Chinese alchemists of the past were trying to create elixirs that will prolong your life, or even grant you eternal life. Western alchemists, generally, were trying to turn other metals into gold. Either way, what they wanted to do was to turn something crappy or mundane into something extraordinary (of value, or use). It doesn’t work.
Likewise, unfortunately, bad teas almost never turn into good ones. I had a tea recently, a supposed “Nannuo Wild Tea” from the factory Six Famous Tea Mountains (liudachashan or 6FTM). Old timers like me will remember in 04-06 in the English online circle of tea drinkers, 6FTM was, for a while, pretty popular – Yunnan Sourcing stocked them, and generally, they were pretty cheap and seem to be a bit different from Menghai factory stuff. Generally, however, they were not exactly high quality stuff – mostly mass produced, large factory fare, and I think in many cases, what’s on the wrapper often had little bearing with what’s actually in the cake. This is still quite common, but already pretty evident back in those days. Nowadays 6FTM is mostly known for commemoration cakes of various sorts – basically, same tea, different wrappers, sold for various odd reasons like “3rd Annual XXX Conference” or “6FTM factory 8th anniversary” or whatever they can think of.
Anyway, this cake in question was gifted to a friend of mine recently and I was lucky enough to try it with her. The tea has been stored in Hong Kong for most of its life. You can see the wrapper here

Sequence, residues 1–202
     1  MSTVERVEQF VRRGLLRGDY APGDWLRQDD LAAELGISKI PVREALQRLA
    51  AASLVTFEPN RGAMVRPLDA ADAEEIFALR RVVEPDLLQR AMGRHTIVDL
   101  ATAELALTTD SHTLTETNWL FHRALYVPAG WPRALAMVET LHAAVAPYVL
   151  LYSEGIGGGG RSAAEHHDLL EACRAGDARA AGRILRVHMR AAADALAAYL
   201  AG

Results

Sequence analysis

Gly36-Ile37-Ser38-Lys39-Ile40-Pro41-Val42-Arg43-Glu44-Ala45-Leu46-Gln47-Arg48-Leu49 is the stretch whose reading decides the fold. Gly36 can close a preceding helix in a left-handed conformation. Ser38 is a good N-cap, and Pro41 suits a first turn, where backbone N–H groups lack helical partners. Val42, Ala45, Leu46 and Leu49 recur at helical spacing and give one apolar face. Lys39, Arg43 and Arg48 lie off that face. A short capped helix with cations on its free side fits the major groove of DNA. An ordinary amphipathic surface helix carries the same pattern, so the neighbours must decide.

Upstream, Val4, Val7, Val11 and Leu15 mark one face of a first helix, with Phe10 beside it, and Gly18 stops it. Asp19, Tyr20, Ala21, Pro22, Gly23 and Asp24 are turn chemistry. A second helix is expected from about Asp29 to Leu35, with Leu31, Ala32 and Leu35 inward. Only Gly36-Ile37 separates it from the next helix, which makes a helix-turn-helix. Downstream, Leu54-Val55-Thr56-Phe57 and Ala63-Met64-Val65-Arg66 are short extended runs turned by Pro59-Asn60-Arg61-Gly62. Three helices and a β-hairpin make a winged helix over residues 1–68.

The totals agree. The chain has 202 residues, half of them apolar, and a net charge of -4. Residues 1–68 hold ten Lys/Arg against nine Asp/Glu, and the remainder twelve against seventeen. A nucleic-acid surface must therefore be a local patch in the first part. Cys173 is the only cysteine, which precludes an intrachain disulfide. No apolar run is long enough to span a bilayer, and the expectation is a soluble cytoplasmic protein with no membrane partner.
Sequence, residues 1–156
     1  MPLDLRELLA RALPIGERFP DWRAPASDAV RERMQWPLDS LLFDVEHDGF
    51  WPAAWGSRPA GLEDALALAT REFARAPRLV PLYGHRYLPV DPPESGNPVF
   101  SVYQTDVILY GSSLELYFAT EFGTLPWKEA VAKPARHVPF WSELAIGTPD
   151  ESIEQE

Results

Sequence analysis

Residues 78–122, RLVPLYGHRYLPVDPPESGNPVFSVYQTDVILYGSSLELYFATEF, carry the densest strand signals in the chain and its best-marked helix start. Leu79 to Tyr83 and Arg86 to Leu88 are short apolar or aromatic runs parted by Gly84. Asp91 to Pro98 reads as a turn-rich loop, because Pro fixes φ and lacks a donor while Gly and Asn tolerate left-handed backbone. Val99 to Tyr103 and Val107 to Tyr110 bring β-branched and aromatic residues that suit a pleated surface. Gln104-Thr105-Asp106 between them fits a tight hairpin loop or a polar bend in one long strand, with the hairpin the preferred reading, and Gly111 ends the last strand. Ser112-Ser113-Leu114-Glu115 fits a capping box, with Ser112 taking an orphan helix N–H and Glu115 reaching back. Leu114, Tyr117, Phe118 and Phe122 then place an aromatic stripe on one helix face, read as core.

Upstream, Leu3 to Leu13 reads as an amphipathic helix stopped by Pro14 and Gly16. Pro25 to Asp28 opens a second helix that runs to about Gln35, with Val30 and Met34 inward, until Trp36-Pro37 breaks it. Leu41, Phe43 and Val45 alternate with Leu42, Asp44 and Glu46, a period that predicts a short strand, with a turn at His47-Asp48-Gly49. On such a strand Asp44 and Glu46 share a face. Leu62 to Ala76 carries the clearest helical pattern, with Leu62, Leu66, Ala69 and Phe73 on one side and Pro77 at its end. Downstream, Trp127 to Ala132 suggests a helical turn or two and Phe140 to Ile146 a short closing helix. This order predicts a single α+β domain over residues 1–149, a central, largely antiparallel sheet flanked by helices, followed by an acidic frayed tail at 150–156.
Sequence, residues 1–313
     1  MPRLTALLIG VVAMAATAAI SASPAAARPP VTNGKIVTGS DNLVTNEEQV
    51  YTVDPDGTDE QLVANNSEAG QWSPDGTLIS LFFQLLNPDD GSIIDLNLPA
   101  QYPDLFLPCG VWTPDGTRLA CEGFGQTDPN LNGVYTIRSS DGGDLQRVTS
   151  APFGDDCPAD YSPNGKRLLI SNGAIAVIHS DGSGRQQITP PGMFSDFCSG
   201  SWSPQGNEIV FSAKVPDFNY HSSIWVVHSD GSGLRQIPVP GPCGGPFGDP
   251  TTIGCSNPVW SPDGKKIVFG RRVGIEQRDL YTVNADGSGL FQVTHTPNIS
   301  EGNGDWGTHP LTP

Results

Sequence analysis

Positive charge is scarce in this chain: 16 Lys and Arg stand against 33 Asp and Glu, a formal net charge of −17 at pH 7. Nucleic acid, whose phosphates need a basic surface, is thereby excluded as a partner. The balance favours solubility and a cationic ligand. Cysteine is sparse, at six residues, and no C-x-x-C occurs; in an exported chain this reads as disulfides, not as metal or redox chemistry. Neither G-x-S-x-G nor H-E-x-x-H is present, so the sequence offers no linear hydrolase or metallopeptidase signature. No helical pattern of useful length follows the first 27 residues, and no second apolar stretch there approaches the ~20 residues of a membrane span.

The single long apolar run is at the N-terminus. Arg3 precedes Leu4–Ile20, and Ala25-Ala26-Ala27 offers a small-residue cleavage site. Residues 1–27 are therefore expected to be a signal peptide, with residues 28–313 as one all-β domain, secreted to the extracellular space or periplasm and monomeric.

Stuff like this sold for about 40-50 RMB a cake, retail. Although I can’t find this exact thing on Taobao, similar stuff go for somewhere in the ballpark of 200-250RMB a cake now. It’s gotten more expensive, but mostly just because it’s gotten a few years older. It was probably pretty crappy back then. Is it any good now?
Unfortunately – no. It’s boring, thin, weak… nothing to recommend itself. If you stored this for 7 years and this is what it gives you now, you’ll probably regret having wasted money and time on the tea. The fact is, crappy, weak teas don’t turn out to be great teas down the road just because it’s stored and aged. The idea of “I’ll put this aside and maybe it’ll get better” only applies to teas that are difficult to consume, but not because they’re weak and bad. Rather, “it’ll get better” should really mean “it’ll get easier to drink” because the bitterness, roughness, etc are all changing into something sweet and nice. A tea that starts out with not much substance is not going to develop substance over time. That, unfortunately, is like alchemy. It just doesn’t work.
I’m sure I have some things in my own collection that fall into this category. Most of them I think I purchased out of pure curiosity – one cake here, one cake there of stuff that I thought maybe I can try aging. I hope that things I have bought in more volume won’t fall into this trap. If I have – it really means they should be drunk, or something. Nothing is more disappointing to try something that you think has aged well, only to find out that it has nothing to offer at all.